Federal District Court Judge Marilyn Hall Patel ruled that the lawsuit filed against Target.com by the National Federation for the Blind may move forward. Target had requested a motion for the case to be dismissed on the grounds that the American’s with Disabilities Act, the California Unruh Civil Rights Act, and the California Disabled Persons Act only applied to its bricks and mortar stores, not to its online presence. The judge dismissed the motion, saying, “the ‘ordinary meaning’ of the ADA’s prohibition against discrimination in the enjoyment of goods, services, facilities or privileges, is that whatever goods or services the place provides, it cannot discriminate on the basis of disability in providing enjoyment of those goods and services.” Thus the offering of Target goods and services through their web site are covered under these civil rights laws.
While this is not a final ruling on the suit, but only a ruling on the motion to dismiss the case, it does set a strong precedence that online stores are covered by civil rights laws.
The NFB press release headline indicates, “retailers must make their websites accessible to the blind under the ADA.” But from my interpretation of the ruling, this statement is too broad. The ruling simply states that the federal and state civil rights laws DO apply to internet-based goals and services. This ruling provides a powerful clarification that many in the accessibility field have been seeking for some time.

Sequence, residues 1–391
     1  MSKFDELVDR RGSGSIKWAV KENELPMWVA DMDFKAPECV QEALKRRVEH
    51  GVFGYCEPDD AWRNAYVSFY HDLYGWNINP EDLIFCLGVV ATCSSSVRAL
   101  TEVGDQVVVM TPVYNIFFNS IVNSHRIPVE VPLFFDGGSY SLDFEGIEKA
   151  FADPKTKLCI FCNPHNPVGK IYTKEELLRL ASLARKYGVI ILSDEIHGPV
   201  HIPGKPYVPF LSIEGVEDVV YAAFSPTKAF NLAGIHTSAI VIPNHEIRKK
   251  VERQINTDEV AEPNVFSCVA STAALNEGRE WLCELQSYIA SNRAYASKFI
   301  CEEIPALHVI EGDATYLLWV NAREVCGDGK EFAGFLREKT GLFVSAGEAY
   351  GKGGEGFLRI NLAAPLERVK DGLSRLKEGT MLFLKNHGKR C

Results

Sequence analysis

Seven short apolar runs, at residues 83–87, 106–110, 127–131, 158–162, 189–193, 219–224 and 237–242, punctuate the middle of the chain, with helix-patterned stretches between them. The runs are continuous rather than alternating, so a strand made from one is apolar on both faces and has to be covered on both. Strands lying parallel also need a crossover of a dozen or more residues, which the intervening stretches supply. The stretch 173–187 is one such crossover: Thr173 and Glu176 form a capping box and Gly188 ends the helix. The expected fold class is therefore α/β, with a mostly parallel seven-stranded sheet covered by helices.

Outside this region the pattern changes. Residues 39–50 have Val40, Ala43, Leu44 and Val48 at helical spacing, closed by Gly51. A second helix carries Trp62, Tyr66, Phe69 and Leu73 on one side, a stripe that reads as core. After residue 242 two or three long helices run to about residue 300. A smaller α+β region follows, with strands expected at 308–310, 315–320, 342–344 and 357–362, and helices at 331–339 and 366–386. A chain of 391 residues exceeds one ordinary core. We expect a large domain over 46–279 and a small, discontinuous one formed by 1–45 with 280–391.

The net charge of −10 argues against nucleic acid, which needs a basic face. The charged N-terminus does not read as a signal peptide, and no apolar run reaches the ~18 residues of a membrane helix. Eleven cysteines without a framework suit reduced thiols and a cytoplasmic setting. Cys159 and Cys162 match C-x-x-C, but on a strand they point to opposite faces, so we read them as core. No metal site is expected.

As the case proceeds, we will keep you up-to-date.
It is not certain that US courts will overturn previous decisions that the internet is not covered by the act as it is not a physical place.
A review of the Target website with sopme screenshots, what the hell are they doing? A child with a copy of Dreamweaver could not make a bigger mess than Target.
In my opinion, the judge should lean towards the NFB since e-commerce is so popular and such a vital part of the economy. And you’d think such a large retailer like Target would be making every effort to make their site accessible–it would satisfy the 10% of the surfers they’ve ignored, and would have avoided a lot of bad press. And Tim, I’d agree, their site is sure could use an overhaul. It’s a good example of HTML Soup–a sloppy mix of old, new, and proprietary code.
Title 3 of the Americans with Disabilities Act states that:
Americans with Disabilities Act
Target’s online store is clearly a retail store, they exchange goods for currency. The only exception Target might have claimed was that the site has not undergone any ‘alterations’ since the effective date and so is grandfathered. But the source code for the shopping cart was modified after the target (pun) date according to this reference on the cart page ‘Copyright (c) 2004-2006 Amazon.com, Inc.,’. So, the point is Target is bound by the ADA rules, they did upgrade the site after effective date, and they should quit whining and fix the code. Target, be a leader and not the web poster child for ill informed penny pinching!
Unfortunately I expect Target to lose.